I don't know what drove me, but I reached for a aluminum blanket they give us all for emergency purposes and wrapped this baby from head to toe. I tore my mask off, as I placed my mask against an opening in the blanket. This would serve as the baby's oxygen, not mine. I ran opposite to the room and kicked the door. Nothing would stop me on my way down. NOTHING! I ran down the fourth flight, flames licking my sweaty body. It had occurred to me then that my helmet had something on it causing it to ignite. I would assume it was a leaking fluid from somewhere or paint chips from the wall onto my helmet. All I knew, was I was to get out of this hell with this infant. On my way down the third flight, I missed a step. Foolish of me, to make a mistake this far in my mission alone. Searing pains soared through my leg and now whenever I laid weight on this leg, I could feel the segment of bone shift. It was broken. But I only had two more flights to go. The second flight had a hallways separation and was slightly larger than the rest. I recognized the corridor leading to it immediately. As I made my way down the first few steps, a god awful shudder, one that would be heard if a demon had awoken only to find you stealing it's precious treasure. The stair beneath my foot gave way, and I found myself falling. I had cargo, and I would do anything to protect it. It only took a second before I fell on my back, being careful to guard this precious cargo, making sure it wouldn't be harmed. I bounced off of the tank on my back as a searing pain shot through my back, then.
    I cursed under my breath. I had crippled myself, on my way down to the first story. I could still feel my arms, but my legs didn't respond to anything. I looked down at the aluminum wrap in my arms. I looked through the viewport of the mask as a child looked back up at me. It was crying. I smiled back at it, as I felt something bounce off of my helmet. I looked up. The ceiling was about ready to give way. I looked down at this child, as I held it close to me. Loud sobs escaped my throat as tears dripped onto the mask face and steamed off. Foolish me, it had to be a good two-hundred degrees in the surrounding atmosphere... Tears stung as they evaporated off my face and as steam rose from the mask. I heard it, the sound that would mark the last seconds before I perished. A screaming groan. I looked up, as I watched the wood in a large support beam splinter. When that beam broke, I would most likely be no more. I looked down at the child, as I pulled it close to me. I used my free arm to position myself above it equally, so that I wouldn't smash it. I hugged it close, the only thing visible now being the dark and the illuminated mask lights. I could see the child looking at me, it's eye's almost asking me, "Am I going to make it?" I smiled, a soft and gentle smile, as I whispered; "Remember me."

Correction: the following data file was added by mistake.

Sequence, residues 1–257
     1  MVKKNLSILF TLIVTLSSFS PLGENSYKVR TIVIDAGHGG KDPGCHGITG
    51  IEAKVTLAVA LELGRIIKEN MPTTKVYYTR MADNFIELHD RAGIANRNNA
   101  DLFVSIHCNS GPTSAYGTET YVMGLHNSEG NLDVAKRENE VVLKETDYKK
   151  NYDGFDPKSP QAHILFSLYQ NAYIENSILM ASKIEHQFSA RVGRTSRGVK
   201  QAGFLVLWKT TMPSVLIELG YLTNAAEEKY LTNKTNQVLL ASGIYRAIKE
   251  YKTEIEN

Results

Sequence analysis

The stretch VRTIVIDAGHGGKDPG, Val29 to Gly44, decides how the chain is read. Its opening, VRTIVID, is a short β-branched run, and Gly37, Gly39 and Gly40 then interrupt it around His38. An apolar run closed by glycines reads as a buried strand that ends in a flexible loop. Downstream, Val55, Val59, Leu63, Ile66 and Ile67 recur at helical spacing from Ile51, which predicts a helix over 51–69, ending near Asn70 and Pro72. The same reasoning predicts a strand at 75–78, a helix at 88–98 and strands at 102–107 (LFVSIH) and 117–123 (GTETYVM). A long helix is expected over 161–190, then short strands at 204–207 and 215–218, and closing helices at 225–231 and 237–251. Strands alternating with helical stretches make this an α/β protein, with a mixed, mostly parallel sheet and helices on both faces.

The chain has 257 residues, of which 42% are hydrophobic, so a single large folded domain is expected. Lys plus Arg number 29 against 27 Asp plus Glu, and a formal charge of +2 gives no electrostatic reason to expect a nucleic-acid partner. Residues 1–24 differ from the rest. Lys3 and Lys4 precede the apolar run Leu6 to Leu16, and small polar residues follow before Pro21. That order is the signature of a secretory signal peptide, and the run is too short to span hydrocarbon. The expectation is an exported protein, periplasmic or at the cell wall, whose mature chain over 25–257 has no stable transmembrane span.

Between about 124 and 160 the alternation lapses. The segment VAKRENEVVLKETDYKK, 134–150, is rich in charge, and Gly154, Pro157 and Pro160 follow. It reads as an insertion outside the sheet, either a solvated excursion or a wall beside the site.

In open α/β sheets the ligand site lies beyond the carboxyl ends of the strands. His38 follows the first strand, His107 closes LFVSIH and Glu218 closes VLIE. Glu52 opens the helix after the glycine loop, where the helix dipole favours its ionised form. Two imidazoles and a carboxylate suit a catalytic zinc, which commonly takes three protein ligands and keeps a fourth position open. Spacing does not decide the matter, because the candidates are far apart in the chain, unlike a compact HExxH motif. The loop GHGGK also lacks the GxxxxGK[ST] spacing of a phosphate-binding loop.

He reached for the box in his attic. It was labeled "1986". "Hey dad, what's in this box?" He asked, as he pulled out his knife and cut the tape on it. "Those were newspapers and a few memories from that time." He opened the box, as he reached in. A newspaper was on top. He read it's headline. "Deadly Fire in Four Story Building takes lives of 4 men, 1 life saved." His dad stopped immediately, as he looked to his son. He read the names on the newspaper as he recognized the one in the saved list. His hand found it's way to his hair as he ran his fingers through it. He placed the paper down, as he looked inside the box. He pulled out a small silver blanket with golden-black spots on it. He placed it down, as he pulled out a large metal tank, obviously used to hold air. It was made of steel, and was covered in the same golden-black spots. The tank was attached to a mask. The box was not yet empty though. He reached inside, as he pulled out a helmet. It had a large hole in the back of it. It was covered in black streaks and the visor on it was melted halfway through. The piece of the helmet that allowed you to move the visor was melted solid. The name on the front top, scratched, but eligible, read "Michael Williams". Tears fell on the helmet, as the dad stood up and walked behind his son. "Would you like to go visit Michael William's resting place?" He asked, as his son nodded slowly. The son placed the helmet on the ground, as they both left the attic.